The Alt-Right: Reactionary Rehabilitation for White Masculinity

  “Crises of national masculinity are a dominant and recurring feature of mainstream political discourse in the United States, but their political utility for jingoistic and authoritarian campaigns bears particular relevance in the modern day. 9/11, and the subsequent war on terror, enshrined a very particular version of masculine crisis into a narrative that had … Continue reading The Alt-Right: Reactionary Rehabilitation for White Masculinity

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The Biggest Myth about our Brains is that they are “Male” or “Female”

“I realized that if certain areas of the brain could change from the typical ‘female form’ to the typical ‘male form’ under stress, there was no point in talking about the female brain and the male brain” “We take for granted how often laymen and even researchers use science—and specifically neuroscience—to “verify” stereotypes about gender: … Continue reading The Biggest Myth about our Brains is that they are “Male” or “Female”

No Excuses for a Racist Murderer

“Each year on the 19th of January, there is renewed effort to canonize Robert E. Lee, the greatest confederate general. His personal comeliness, his aristocratic birth and his military prowess all call for the verdict of greatness and genius. But one thing–one terrible fact–militates against this, and that is the inescapable truth that Robert E. … Continue reading No Excuses for a Racist Murderer

Combatting Toxic Masculinity In Our Schools – Un-Teaching Gender Stereotypes For Boys

"All of this matters. All of these subtle and not-so-subtle messages are how we teach masculinity and femininity to children. It is important to remember that there is no biological reason why boys should not play with dolls or wear dresses. There is no biological reason for boys to like cars or diggers. There is … Continue reading Combatting Toxic Masculinity In Our Schools – Un-Teaching Gender Stereotypes For Boys

The Language of Gender Violence, Jackson Katz

“[Men and masculinity] have been rendered invisible in much of the discourse. Dominant groups often go unchallenged in society, and their power and privilege goes unexamined. [Gender violence issues] affect women at every level, but I am here to say that the very fact of just calling these issues ‘women’s issues’ is in itself part of … Continue reading The Language of Gender Violence, Jackson Katz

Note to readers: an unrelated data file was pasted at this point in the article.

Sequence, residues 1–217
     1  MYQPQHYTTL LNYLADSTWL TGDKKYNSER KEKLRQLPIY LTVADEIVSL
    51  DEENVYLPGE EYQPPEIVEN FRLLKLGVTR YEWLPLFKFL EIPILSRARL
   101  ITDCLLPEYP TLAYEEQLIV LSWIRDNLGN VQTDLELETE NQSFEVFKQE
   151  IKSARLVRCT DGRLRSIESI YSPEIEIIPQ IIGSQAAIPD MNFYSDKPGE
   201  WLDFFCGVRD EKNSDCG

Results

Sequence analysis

Imposter Syndrome

“I just look at all these people, and I think, what the heck am I doing here? They’ve made amazing things. I just went where I was sent.” And I said, “Yes. But you were the first man on the moon. I think that counts for something.” And I felt a bit better. Because if Neil … Continue reading Imposter Syndrome

Teaching Men to Be Emotionally Honest

“His voice quavering, the young man stammered something [...] about how women can be as insensitive and hurtful as guys. He sounded like a victim himself. But afterward, when I asked him if he had reached out to any of his guy friends for advice or solace, he stared at me, incredulous, his irises two … Continue reading Teaching Men to Be Emotionally Honest

We’ve been labelled ‘anti-sex difference’ for demanding greater scientific rigour

“[W]e and our colleagues have been named as “anti-sex difference”, and thus some of the prime culprits in creating this situation. This is like accusing the people who invented airbags as being “anti-seatbelts”. We are all aiming for better science.” “Some of the errors and traps we identified included human neuroimaging studies with small sample … Continue reading We’ve been labelled ‘anti-sex difference’ for demanding greater scientific rigour

Mourning a Husband Who Has Not Yet Passed

Previously I have posted a few excerpts from Rubin's book, Intimate Strangers (1983). In 2011, she wrote an article regarding her husband, Hank, who suffered from dementia (both Lillian and Hank have since passed, Hank in 2011, in the same year of this article's publication, and Lillian in 2014). She described what it was like in her … Continue reading Mourning a Husband Who Has Not Yet Passed

Sometimes I Cry: The Toxic Hypermasculinity Of Black Men

"Sometimes when I'm alone I cry because I'm on my own The tears I cry are bitter and warm They flow with life but take no form I cry because my heart is torn and I find it difficult to carry on If I had an ear to confide in I would cry among my … Continue reading Sometimes I Cry: The Toxic Hypermasculinity Of Black Men